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ERIC CLAPTON/JEFF BECK
O2 Arena, London, 14 February 2010
A few years ago, I set
myself the target of broadening my horizons, hanging the expense and
seeing some of the seminal figures in rock music history before they
died or I did, which ever came soonest.
As a result, I have recently been privileged to finally see the likes of
Bruce Springsteen, The Who, Fleetwood Mac, the Eagles, Neil Young, and,
in 2009 Roger McGuinn and Ray Davies, all of whom were consummate
I'd always been put off doing likewise with Eric Clapton, never having
owned a filofax, driven a Golf GTi or done business with anyone who
owned a box at the Royal Albert Hall.
having recently been playing a lot of Cream and his Rainbow Concert CD,
and been impressed by his televised concert with Steve Winwood, it was
time to break my duck and a pairing with equally pioneering guitarist
and ex-Yardbird Jeff Beck gave me the opportunity to kill two birds with
one (expensive) stone.
Jeff Beck - seemingly frozen in time with his black feather cut
and sleeveless T-shirt - came on first to do a 50 minute, mainly
instrumental set, with a three piece band including some noted players
such as Narada Michael Walden on drums and Prince bassist Rhonda Smith,
backed at times by an orchestra.
The set was a mixture of his jazzy rock workouts, and guitar and
orchestra interpretations of classic songs, including People Get Ready
(though it missed Rod Stewart's singing) and A Day In the Life. There
were also guest appearances from the violinist from The Corrs (remember
how they were big in the nineties only to sink without trace?) and jazz
singer Imelda May.
Not my musical style of choice, but his guitar playing was skilful and
dextrous and was a reminder how he has influenced countless others. I
didn't expect to be saying this, but to hear him close the set with
Nessun Dorma on guitar backed by an orchestra was a spine tingling
After a lengthy interval, Eric Clapton came on stage, with his
hair grown out and swept back and a thick pair of glasses, and I
couldn't watch him without thinking Ricky Tomlinson had been wheeled out
to reprise his Jim Royle character.
He opened, perched on a stool with a very un rock 'n' roll carpet
underneath, with a short set of acoustic blues, but I was relieved when
he strapped on his Fender Stratocaster for an enjoyable run through of
some of his standards including Tell the Truth with a slight Stones-y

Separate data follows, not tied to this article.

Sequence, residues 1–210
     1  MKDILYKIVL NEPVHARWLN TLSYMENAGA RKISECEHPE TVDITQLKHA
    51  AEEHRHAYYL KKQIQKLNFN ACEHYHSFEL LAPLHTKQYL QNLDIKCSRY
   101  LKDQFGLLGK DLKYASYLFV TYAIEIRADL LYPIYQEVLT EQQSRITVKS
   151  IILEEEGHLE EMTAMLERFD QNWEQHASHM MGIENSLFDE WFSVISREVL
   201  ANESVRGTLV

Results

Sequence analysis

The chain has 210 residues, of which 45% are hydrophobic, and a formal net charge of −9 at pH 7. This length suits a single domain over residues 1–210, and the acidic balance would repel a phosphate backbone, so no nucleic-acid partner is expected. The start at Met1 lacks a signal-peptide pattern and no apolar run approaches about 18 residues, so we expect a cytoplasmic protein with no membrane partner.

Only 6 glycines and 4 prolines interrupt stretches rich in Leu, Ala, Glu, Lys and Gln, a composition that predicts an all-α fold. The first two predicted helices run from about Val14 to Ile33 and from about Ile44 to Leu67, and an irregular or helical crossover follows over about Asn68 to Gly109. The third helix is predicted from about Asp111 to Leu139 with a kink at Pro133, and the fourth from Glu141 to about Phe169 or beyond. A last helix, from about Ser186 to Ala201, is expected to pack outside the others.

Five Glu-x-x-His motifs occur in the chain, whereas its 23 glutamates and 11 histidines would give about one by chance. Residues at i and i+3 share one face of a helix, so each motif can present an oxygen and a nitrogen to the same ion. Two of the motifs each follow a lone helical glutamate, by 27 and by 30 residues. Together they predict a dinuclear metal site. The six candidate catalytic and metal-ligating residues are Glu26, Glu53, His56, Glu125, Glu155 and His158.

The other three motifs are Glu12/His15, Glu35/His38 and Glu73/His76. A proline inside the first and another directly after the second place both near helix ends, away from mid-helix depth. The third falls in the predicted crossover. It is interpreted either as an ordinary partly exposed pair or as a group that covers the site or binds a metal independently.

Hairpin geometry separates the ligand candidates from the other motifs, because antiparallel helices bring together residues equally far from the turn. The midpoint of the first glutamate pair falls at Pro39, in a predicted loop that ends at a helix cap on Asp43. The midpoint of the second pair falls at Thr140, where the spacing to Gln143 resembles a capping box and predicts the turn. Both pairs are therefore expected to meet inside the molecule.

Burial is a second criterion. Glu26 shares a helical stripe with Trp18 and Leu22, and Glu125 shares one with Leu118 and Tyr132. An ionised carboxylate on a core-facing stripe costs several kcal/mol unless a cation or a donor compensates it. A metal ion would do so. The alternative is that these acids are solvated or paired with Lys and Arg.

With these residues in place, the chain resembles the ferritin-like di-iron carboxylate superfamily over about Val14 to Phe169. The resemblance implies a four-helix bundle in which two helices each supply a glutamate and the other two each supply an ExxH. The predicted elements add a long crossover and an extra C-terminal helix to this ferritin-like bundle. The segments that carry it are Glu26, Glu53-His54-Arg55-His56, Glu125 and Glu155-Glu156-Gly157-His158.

vibe, a jam version of I Shot the Sheriff with perhaps his best solo of
the night, Key to the Highway and Cocaine.
there was rather too much emphasis on lengthy solos from either keyboard
player, we were still witnessing a master at work with his effortless
but melodic bluesy licks.
Then, unannounced, Jeff Beck joined him for the second half of the set,
enlivening a cover of Shake Your Moneymaker with some vintage bottleneck
slide playing. The occasion called for some Yardbirds, Cream or anything
that reminded us of the debt classic and hard rock owes to these two
pioneers. However instead we got a cover of Moon River, admittedly with
some tasteful guitar from Jeff, followed by a series of plodding,
perfunctory12-bar blues covers such as Wee Wee Baby.
Jeff tended to take the majority of the leads, at least initially, with
Eric concentrating on singing. There was barely any guitar interplay
between the two and indeed they scarcely acknowledged each others'
presence. After meandering along, the joint set at least closed in style
with a surprise cover of Sly Stone's I Wanna Take You Higher, showing
off the girl backing singers rather than the guitarists.
It was ironic that, after refusing to give the crowd what they wanted,
they encored with the song Hi Ho Silver Lining, whose shadow Beck has
spent his career trying to escape. They shared the singing, and as it
finally got the crowd to their feet it served its purpose. However, they
then shuffled off stage never to return, with barely even a thank you.
As I made my
way into the long queues for the tube, I was thinking to myself, no
Cream? (though I later discovered Crossroads had been played the
previous night), no Yardbirds? No Jeff Beck Group? Not even Layla….
I can tick two of the legends off my list, but this was in all honesty a
disappointing evening. Mr Beck has plenty of life left in him, but I'm
afraid Mr Clapton is in pipe and slippers territory. EC is God? On this
evidence, Jim Royle would have a two word catchphrase in reply.
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